In those 17 years observing coaches and coaching methods I had the privilege of working with some really great coaches and some, well, not so great.

There was a constant though and this is irrespective of whether I thought of them as a great coach or not, and that was that their message routinely goes ‘stale’ in the eyes of the athlete, nowadays in as little as 2 years.

So just how many generations apart until it becomes too many?

Providing you, the coach understood that your delivery method needed continual tweaking and have evolved through time, it will still become nigh on impossible to keep pace with the changes in the generations to a point that it is now just too big a gap and the all-important message is now not as readily received as you wish that it was.

In coaching terms, the most difficult generation so far for me has been and still is the Y generation (those born since about 1984) but at the same time is been my most successful from a results point of view.

Why is this?

I recognised early that the generational gap between myself and the Y generation athletes was already too big and my message just wasn’t getting to where I needed it to as consistently as I would like.

At the time that the Y generation started to appear in my squad, the older generations were still around IE: last of the baby boomers and more especially the X generation and all still extremely strong, highly talented and regarded athletes.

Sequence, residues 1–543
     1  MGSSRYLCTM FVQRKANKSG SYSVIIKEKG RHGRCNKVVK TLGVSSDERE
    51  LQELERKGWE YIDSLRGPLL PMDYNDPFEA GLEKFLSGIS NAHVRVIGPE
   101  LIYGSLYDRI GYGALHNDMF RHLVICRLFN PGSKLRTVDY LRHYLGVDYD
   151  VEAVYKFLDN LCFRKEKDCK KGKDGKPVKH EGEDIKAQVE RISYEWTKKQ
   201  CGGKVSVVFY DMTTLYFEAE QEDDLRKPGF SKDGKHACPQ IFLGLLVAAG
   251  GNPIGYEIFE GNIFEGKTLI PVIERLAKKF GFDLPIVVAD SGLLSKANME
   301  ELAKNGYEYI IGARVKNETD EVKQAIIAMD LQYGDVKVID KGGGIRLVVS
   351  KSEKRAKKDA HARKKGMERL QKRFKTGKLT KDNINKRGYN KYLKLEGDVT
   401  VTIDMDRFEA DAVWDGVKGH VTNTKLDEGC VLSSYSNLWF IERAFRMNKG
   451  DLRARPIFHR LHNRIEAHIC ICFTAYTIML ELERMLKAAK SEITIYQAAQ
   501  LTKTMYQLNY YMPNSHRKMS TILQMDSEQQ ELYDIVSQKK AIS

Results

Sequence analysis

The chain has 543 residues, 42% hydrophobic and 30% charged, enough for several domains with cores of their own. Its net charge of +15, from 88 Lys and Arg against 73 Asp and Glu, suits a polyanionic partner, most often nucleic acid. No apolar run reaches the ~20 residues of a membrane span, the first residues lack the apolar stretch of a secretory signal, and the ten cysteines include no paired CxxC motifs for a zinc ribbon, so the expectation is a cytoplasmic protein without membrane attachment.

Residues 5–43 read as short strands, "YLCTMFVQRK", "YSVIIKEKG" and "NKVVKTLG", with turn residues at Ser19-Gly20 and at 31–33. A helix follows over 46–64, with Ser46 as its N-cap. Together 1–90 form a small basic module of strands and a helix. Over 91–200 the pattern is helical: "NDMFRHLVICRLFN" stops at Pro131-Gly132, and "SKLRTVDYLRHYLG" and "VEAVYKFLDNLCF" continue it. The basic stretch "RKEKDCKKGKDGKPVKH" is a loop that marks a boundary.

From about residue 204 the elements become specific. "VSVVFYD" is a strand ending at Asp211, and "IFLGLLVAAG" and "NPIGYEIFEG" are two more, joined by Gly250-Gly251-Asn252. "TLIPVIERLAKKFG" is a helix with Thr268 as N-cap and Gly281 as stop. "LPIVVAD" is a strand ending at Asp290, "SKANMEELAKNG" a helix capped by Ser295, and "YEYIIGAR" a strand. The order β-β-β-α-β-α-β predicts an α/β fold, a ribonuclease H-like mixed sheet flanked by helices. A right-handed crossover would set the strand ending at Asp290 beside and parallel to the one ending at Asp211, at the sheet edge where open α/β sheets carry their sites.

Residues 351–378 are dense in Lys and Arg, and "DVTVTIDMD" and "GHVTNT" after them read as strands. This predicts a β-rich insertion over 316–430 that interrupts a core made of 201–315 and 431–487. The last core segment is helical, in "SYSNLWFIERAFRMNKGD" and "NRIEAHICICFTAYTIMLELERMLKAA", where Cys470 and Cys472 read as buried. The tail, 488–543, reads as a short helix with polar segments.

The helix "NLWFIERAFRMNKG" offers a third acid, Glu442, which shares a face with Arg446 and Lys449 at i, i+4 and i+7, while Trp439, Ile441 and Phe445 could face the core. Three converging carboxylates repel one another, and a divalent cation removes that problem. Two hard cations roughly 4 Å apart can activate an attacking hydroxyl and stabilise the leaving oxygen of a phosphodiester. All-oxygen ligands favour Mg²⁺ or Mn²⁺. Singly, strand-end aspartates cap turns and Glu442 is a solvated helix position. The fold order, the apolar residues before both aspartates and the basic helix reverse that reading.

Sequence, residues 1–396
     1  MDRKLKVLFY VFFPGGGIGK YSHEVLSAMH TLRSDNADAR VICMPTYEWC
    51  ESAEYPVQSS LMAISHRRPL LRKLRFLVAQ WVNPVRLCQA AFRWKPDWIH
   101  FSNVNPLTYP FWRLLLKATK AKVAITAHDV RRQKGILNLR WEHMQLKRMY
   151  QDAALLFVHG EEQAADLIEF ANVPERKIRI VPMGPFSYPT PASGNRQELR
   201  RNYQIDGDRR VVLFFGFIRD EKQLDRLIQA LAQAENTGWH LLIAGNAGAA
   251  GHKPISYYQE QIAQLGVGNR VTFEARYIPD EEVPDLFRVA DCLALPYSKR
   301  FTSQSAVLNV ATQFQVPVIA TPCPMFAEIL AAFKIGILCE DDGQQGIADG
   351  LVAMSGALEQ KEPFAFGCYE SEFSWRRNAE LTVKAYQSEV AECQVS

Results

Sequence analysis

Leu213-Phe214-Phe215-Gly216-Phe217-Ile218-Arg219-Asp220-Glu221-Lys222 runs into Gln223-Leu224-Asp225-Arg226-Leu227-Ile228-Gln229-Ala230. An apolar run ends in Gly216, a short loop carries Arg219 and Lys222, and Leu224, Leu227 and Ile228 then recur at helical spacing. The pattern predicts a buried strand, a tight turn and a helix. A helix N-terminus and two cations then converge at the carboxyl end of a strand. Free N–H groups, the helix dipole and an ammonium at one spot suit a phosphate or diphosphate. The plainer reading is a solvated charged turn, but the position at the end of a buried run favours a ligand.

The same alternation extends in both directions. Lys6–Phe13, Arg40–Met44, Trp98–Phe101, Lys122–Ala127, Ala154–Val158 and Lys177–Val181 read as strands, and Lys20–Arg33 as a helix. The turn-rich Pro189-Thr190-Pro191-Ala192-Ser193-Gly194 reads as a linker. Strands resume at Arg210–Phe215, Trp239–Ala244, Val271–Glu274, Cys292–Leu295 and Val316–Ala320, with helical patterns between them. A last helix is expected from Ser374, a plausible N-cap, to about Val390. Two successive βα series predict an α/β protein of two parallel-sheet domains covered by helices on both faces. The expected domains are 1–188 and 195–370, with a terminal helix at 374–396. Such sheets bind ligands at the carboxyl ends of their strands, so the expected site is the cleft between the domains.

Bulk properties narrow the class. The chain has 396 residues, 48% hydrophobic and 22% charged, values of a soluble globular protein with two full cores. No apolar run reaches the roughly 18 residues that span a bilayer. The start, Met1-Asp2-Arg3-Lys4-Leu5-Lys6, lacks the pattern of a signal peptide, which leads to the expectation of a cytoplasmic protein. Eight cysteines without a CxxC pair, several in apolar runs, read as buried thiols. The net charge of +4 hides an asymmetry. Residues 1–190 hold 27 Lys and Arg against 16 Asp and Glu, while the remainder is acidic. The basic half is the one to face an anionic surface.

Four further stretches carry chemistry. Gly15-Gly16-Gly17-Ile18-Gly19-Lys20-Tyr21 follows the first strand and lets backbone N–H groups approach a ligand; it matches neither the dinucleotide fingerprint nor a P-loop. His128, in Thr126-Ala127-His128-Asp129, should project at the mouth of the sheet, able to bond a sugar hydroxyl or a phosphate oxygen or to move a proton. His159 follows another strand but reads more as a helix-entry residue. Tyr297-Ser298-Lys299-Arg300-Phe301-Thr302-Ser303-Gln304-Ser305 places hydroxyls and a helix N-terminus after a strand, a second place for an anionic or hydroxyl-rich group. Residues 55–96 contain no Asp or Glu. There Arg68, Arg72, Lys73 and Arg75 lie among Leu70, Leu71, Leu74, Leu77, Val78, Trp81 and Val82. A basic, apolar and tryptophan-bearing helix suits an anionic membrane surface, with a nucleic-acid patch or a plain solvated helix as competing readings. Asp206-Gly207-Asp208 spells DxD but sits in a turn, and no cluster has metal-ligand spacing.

I quickly recognised this void between myself and the Y generation so surreptitiously was able to use these ‘older’, senior athletes to mentor and drive the burgeoning Y generation athletes all with my backing.

These up and coming athletes relished that opportunity and fed off them and gained an enormous amount of strength, both physically and mentally just training alongside them.

The extraordinary results from these Y generation athletes continued for many years using this coaching strategy.

Further complications appeared later was when the baby boomer and X generation athletes finished up and the Y generation athletes became the ‘senior’ generation athletes to mentor and guide the later Y generation and moving into the millennials.

This is where it has become very much more difficult for me.

Unlike the more closed off baby boomer and X generations who kept their emotions much closer to their chest, these later generations are much more open with friends and team mates, they are less likely to keep things close to their chest and they generally have much less focus on long term stoic loyalty.

Why I feel that this openness becomes a problem in a team/coaching/training environment is the negative energy that the more constant verbal dissent and complaints creates is a serious issue from a squad synergy and energy point of view.

Whereas the earlier generations most likely had the very same feelings, they were less likely to verbalise their dissent and just got on with what needed to happen and ‘play their role’ as required.